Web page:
DENMARK – Labour-market pension fund PensionDanmark is investing DKK1.2bn (€161m) in the first offshore wind farm to be built in the US.
The DKK18.5bn pension fund said it was making a conditional investment commitment of $200m in the planned Cape Wind power plant, which will be sited in the Nantucket Sound off the coast of Massachusetts.
Torben Möger Pedersen, PensionDanmark's chief executive, said: "At a time when bond yields are very low, this is expected to be an attractive investment opportunity for us."
Apart from giving pension scheme members a good return, the project will create growth and jobs in Denmark and aid the switch to more climate-friendly forms of energy production, he said.
The money will be invested via the Copenhagen Infrastructure I fund, which is managed by Copenhagen Infrastructure Partners (CIP).
The capital funding for Cape Wind will take the form of a mezzanine loan, PensionDanmark said, adding that the plan was to close the deal to build the wind farm this year.
The US project has been under development for 12 years.
Construction is to start by the end of the year, with the plant to start operating in 2015 and be fully commissioned the year after that.
When it is finished, Cape Wind will have total capacity of 454 MW or 1,500 GW a year, supplying power to as many as 550,000 households, the pension fund said.
It said Cape Wind was crucial as a "lighthouse project", to advance the offshore wind industry in the US.
Möger Pedersen pointed out energy infrastructure investment was not new for PensionDanmark, which had previously made equity investments in two offshore wind farms in Denmark and three onshore wind farms in the US.
It has also provided debt financing for onshore wind parks in Sweden and Belgium, he said.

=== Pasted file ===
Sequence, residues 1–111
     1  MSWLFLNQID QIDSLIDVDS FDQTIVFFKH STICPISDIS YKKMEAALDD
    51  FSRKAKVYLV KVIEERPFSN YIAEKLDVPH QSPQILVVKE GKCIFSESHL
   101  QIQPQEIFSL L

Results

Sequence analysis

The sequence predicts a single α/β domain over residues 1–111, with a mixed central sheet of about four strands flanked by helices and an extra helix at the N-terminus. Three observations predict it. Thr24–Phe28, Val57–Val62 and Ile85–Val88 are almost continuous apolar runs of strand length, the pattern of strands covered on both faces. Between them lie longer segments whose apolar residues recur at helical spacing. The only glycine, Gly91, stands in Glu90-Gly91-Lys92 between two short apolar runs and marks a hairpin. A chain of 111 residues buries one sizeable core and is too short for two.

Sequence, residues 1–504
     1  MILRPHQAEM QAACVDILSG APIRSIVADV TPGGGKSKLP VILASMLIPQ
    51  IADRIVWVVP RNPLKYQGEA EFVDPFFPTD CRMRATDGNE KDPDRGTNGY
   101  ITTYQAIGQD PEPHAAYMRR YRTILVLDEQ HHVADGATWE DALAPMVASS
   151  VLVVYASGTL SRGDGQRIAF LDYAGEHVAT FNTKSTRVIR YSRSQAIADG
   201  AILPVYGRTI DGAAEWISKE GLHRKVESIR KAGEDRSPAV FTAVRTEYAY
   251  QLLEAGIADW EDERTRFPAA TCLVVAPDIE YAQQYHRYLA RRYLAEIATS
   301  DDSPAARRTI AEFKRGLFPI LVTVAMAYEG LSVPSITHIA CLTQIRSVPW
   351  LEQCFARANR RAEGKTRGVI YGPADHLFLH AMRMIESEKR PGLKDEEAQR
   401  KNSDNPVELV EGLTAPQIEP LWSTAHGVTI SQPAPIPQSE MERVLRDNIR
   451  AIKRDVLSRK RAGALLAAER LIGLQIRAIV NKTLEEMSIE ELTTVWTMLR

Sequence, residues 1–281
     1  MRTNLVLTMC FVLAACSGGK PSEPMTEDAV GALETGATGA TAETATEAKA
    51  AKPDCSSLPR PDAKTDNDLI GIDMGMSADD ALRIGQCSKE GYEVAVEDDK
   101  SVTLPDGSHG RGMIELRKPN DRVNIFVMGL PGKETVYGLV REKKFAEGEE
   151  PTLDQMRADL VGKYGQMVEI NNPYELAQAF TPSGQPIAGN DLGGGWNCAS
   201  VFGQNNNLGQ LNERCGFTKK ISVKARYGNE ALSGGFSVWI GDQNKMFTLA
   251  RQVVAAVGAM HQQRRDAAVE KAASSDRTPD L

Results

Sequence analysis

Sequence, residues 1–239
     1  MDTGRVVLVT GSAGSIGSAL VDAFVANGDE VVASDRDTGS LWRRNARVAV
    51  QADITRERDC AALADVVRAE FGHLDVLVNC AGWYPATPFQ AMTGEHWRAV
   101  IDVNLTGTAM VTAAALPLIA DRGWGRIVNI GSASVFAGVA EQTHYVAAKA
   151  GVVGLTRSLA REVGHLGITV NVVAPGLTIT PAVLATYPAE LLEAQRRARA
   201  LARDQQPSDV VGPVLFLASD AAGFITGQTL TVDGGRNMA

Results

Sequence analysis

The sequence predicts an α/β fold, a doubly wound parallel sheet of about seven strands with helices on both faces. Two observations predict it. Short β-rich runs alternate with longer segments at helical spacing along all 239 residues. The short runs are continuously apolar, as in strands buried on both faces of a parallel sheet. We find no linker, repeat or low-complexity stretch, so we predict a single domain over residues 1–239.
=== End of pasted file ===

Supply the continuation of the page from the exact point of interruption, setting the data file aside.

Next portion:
The wind farm could become one of the world's biggest offshore wind farms, with as many as 130 Siemens turbines of 3.6 MW each, the pension fund said.
Its investment commitment was conditional on a final investment decision being made by the end of the year, it said.
CIP partner Christian Skakkebæk said the project was attractive in terms of the site's physical conditions, as well as its having a range of experienced suppliers.
"Power purchase agreements have been secured covering the production of the first phase for the first 15 years, and the plans include the use of proven and operationally stable technology," he said.
The project is expected to be financed by a combination of capital and debt from banks and institutional investors, with Japan's Bank of Tokyo-Mitsubishi UFJ coordinating the financing.
Meanwhile, Denmark's PFA pension fund is investing DKK740m (€99.2m) in a logistics fund, buying a nearly half of NREP Logistics from Swedish pension fund SPP.
SPP said it is selling its 47.5% stake in the logistics fund after taking the decision last year to cut its indirect property portfolio.
The deal was agreed following a competitive process, it said.
Michael Bruhn, director of PFA Ejendomme (PFA Property), said: "This investment matches our overall strategy of increasing our international indirect property exposure."
NREP Logistics was set up in March 2010 by Nordic Real Estate Partners (NREP) and has a portfolio of around 25 very high-quality logistics assets in Sweden, Denmark and Finland, according to PFA.
That portfolio is now worth SEK3.6bn, and this will rise to SEK4bn when it is fully invested, the Danish pension fund said.
Bruhn said NREP Logistics' assets generated stable, high returns and had growth potential.
SPP was advised by Custor Capital in finding potential buyers.